Student: Some people hesitate to accept that the end justifies the means because in Kali-yuga there are so many cheaters, so many false and fallen souls who may misuse this philosophy. Some one may say, “If I kill someone for Kṛṣṇa, then such killing is justified because I am doing it for Kṛṣṇa.” People are afraid to accept this and to accept that such a person is factually representing Kṛṣṇa’s interest.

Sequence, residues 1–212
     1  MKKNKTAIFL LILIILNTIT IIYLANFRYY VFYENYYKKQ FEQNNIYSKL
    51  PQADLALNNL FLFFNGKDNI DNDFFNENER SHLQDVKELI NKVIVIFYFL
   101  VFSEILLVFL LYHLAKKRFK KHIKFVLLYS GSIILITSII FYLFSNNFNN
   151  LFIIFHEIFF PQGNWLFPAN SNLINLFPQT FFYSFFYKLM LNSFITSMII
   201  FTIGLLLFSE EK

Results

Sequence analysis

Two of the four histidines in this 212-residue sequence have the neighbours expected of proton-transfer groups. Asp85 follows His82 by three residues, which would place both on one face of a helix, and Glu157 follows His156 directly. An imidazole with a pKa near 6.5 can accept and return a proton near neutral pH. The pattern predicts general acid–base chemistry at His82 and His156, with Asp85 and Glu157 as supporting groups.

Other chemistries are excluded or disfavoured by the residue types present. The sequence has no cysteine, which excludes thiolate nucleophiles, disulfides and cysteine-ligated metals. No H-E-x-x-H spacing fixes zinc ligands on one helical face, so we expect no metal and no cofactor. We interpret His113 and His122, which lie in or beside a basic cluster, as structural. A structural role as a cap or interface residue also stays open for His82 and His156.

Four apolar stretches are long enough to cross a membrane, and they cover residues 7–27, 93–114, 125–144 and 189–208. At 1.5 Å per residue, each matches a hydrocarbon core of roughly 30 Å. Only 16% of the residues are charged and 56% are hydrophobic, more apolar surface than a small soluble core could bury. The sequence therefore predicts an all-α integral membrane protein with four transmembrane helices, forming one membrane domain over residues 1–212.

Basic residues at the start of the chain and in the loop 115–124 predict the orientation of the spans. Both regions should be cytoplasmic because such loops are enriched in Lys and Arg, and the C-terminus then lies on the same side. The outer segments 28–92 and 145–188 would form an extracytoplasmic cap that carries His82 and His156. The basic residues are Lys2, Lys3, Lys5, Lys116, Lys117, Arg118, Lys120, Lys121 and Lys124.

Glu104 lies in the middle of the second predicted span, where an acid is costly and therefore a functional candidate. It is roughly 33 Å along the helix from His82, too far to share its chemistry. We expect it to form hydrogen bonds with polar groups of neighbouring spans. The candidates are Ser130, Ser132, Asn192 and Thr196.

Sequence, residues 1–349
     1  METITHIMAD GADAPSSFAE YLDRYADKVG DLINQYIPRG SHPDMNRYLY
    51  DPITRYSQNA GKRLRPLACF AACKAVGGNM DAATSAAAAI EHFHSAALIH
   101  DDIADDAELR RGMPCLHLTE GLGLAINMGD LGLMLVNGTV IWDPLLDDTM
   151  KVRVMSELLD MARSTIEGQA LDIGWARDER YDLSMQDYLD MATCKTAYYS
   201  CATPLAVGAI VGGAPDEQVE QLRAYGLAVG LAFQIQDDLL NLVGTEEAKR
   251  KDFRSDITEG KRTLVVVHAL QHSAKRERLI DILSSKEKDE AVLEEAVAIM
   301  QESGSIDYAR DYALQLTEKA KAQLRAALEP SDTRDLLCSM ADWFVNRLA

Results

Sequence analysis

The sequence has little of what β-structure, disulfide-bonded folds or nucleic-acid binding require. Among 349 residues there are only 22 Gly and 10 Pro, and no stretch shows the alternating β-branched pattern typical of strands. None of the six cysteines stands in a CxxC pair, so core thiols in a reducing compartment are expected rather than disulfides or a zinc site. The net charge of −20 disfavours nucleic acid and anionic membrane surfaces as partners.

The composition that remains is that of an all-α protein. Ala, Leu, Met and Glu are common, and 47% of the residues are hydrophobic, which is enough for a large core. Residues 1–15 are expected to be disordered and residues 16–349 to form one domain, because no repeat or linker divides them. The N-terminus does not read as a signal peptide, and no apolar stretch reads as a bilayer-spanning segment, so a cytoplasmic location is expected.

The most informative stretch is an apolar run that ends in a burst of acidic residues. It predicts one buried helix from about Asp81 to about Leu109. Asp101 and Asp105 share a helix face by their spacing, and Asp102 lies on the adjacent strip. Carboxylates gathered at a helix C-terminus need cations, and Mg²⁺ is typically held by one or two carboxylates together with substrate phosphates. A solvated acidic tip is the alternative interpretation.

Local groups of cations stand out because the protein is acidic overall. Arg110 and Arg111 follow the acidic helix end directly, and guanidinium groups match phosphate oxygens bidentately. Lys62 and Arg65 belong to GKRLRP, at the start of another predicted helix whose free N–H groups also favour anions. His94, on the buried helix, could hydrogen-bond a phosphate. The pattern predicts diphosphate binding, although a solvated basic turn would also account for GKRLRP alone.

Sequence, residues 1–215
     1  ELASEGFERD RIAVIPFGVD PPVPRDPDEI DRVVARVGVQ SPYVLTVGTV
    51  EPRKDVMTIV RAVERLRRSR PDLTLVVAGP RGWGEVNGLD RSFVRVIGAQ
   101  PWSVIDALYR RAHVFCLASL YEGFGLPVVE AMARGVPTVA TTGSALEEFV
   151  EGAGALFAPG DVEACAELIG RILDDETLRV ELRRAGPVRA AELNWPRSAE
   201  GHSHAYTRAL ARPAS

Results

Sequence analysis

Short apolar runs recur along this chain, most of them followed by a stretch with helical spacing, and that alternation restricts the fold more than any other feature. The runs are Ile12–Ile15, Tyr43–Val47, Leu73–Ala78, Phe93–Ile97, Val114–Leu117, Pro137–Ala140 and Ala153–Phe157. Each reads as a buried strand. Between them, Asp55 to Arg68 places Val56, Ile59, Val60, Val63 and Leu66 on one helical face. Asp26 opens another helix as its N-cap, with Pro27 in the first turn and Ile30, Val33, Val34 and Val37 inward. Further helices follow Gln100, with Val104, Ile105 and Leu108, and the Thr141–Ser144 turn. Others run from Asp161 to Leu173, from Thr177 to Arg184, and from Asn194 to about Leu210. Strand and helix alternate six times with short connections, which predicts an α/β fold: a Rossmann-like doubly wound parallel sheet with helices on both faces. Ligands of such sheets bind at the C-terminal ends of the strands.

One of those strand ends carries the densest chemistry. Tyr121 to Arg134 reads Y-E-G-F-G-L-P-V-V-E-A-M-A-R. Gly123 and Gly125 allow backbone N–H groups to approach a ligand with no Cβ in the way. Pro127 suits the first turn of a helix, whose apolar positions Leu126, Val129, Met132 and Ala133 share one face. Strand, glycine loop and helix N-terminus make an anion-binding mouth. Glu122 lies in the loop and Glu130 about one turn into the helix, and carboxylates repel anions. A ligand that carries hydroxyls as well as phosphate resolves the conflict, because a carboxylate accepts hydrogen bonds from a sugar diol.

Śrīla Śrīdhar Mahārāj: Yes. One’s justification will come as much as one is concerned with the real truth and not with hallucination. The difficulty is always there, between our relative position and the absolute position. What is our progress from the relative towards the absolute? In the absolute consideration, there are higher relative things. That is arranged by Yogamāyā, and that is high above. But at present, how much is our misunderstanding and how much is truth? That we must conceive. The whole thing may be discussed in this way. What is done must have its basis in the revealed scriptures, it must have backing in the practices of the sādhus, and it must have my heart’s approval. After considering these things, the whole risk is in the approval of the heart. How have you come here? Leaving Christianity, your own creed, you were attracted by Swāmī Mahārāj’s lectures and advice. The responsibility for this is where? The responsibility is with the person who makes the choice. Leaving Christianity or Buddhism, or this, or that, you have come to Swāmī Mahārāj. Why? Who has taken this risk of leaving their own association? The heart of he who is enlightened with the advice of the revealed scriptures and practices of the sādhus, he himself is really responsible, he who comes and accepts. Anyone who wants to be a gainer must take risk. I am dissatisfied with my circumstances, and I want some special gain. As much as I feel this, then I shall grade and accept, at my own risk.